It was the ‘right’ thing to return the money.  It demanded a response from the cab driver that he was free to make or not.  Hitchens, the cab driver – and we ourselves – recognize this.  Hitchens admires this value so much that he says he would move from hostility and opposition to Islam to being neutral about it – if all Muslims would consistently exhibit this Tao in their behaviour.  Hitchens thinks in his own life that it was ‘right’ (in a situation that demanded a response which he was free to make or not) to help someone more vulnerable than he when they were both in a dangerous situation.  In these situations the basis of what made the action good had nothing to do with benefits to society or preferences of the individuals.  They were just what ought to have been done.  The Tao, to borrow from Lewis, is the Way – the Good Way – that we can all glimpse.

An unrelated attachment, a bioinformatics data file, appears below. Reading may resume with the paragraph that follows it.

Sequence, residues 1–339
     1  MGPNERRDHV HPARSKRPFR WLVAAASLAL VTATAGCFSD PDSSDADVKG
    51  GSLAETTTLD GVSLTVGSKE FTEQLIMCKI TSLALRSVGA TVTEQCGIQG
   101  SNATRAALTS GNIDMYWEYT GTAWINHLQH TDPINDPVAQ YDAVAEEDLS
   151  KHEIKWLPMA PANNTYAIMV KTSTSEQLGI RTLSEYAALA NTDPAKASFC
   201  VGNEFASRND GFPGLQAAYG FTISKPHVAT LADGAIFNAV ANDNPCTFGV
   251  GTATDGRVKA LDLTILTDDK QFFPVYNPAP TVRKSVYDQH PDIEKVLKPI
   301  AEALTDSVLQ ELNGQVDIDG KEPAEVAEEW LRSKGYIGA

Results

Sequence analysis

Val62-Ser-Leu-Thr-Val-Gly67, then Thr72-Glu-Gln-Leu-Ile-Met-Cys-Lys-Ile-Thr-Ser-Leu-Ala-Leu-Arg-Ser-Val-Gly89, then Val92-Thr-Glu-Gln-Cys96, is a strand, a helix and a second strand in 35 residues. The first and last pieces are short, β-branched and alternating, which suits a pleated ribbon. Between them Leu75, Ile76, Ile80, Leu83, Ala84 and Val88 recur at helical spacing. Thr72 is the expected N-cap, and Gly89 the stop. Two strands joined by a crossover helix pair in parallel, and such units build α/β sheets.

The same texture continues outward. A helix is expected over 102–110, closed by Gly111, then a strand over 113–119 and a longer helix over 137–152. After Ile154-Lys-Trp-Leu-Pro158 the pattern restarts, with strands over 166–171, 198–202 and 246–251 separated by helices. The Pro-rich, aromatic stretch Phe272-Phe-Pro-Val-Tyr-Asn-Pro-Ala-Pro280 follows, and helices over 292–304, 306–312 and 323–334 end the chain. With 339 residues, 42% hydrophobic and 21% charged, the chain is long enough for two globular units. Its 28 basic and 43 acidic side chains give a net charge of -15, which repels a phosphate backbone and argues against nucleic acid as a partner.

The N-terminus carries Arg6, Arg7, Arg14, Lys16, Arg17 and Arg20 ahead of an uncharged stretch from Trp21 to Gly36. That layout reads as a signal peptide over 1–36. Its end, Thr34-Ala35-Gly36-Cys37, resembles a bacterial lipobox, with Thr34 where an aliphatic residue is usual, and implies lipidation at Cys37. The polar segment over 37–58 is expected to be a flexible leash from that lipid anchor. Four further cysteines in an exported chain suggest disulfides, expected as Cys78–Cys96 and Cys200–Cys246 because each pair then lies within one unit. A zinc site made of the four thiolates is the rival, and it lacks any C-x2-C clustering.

The Moral Tao – Hard to Grasp

But Hitchens also lets us on to something else.  He does not find this conformity to the Tao in the behaviour of most Muslims.  But closer to home, he says that in his own estimation about his own life he is not overwhelmed by evidence of actually practicing – or grasping – behaviour demanded by the Tao.  In fact, elsewhere he says it is impossible.  His own Tao is able to judge his own actions – and by his own words he does not find many instances where he himself grasped the Tao.

The Tao: Glimpsed but not Grasped by the Vikings